When I wrote the first poem for my creative writing tutorial at the beginning of October, I didn’t think it would take me a full two months to get a final draft.
I was still under the impression that my tutorials would be similar to the American school system. I expected to turn in the poem, receive a few comments for correction, and perhaps revise it once.
I had vastly underestimated the power of the British tutorial.
During that first session, my tutor had me read the poem out loud, and then spent the next 40 minutes going through it line by line—sometimes even word by word—and telling me what he thought was good or bad, elegant or corny, original or cliché. He made me defend my writing: why did I choose the word “cackle” to describe a fire? Would a word like “tease” or “boil” create a better mental image? He made me realize that I needed to think carefully about each and every word I chose. After thoroughly decimating the poem I had thought was so clever, he gave me a new assignment along with instructions to revise the first.
This same pattern has repeated throughout the term. By the end of my third class session, my assignment consisted of revising three poems and writing a fourth. I was still tinkering with the first poem I had written.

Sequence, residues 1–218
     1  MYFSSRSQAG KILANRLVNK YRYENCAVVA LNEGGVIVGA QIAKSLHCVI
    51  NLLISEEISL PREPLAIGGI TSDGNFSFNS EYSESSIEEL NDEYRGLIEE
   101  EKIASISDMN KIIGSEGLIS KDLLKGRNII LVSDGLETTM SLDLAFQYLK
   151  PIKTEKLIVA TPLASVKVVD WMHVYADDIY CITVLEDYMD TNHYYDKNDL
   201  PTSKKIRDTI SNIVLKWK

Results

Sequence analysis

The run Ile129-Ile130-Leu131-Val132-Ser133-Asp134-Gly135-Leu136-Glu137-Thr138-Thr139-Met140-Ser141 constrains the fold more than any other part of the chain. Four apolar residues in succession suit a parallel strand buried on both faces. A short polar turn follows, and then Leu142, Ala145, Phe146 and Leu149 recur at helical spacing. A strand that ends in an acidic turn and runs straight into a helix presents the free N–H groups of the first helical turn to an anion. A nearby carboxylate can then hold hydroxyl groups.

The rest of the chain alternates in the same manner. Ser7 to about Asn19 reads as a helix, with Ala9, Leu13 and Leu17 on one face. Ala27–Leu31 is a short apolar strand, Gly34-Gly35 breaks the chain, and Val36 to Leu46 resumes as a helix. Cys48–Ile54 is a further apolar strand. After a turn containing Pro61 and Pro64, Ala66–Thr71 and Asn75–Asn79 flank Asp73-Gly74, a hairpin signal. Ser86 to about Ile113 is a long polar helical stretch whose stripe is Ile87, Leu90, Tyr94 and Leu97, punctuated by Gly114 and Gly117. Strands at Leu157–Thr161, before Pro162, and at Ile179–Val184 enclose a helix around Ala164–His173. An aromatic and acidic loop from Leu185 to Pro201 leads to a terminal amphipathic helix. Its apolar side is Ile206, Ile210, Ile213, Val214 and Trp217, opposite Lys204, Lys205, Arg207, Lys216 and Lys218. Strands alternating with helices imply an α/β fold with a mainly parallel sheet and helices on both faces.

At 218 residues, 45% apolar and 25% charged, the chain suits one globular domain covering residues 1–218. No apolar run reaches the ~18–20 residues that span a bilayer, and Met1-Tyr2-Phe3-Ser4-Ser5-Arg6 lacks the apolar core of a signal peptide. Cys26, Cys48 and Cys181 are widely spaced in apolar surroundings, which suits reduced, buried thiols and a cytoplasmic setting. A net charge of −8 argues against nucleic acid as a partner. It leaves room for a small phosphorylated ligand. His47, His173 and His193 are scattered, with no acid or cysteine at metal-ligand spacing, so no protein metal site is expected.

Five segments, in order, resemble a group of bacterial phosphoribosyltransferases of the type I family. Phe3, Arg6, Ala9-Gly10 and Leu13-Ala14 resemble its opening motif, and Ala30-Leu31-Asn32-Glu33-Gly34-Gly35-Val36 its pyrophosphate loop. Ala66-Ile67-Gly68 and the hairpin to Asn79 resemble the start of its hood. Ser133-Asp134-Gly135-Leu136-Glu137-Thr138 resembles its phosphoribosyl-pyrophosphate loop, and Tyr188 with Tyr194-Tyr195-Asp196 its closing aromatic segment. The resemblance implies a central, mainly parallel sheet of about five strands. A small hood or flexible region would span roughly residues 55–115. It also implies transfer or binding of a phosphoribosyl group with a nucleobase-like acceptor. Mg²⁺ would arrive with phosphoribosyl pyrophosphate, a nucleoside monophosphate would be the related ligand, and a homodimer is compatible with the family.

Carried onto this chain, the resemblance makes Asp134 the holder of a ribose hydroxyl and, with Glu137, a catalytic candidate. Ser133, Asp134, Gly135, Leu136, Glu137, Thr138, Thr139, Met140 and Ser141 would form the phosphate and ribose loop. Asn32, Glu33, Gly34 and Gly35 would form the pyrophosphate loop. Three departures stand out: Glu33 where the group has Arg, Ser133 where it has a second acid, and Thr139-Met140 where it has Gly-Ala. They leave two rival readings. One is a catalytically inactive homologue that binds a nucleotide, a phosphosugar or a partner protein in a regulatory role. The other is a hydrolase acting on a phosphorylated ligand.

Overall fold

The careful consideration my work has received this term has helped me to become a more careful writer. It has reminded me of just how fulfilling it can be when I get it right, and just how frustrating when I don’t.
At long last, my first poem of the term is finished. Here it is, for your consideration.Reading at Christmas The only sounds that break the sacred hush Creep cautiously in corners of the room: The purring of a cat’s throat, deep and lush; The clock announcing time with muted boom. The fire teases merrily behind, Perpetually snacking on a log. His breath is diabolically inclined And hisses out a constant monologue. Upon the lips, redolent tea sings tales Of blooming gardens, damp and richly hued. And chocolate—handsome suitor—never fails In making love with taste buds, softly wooed.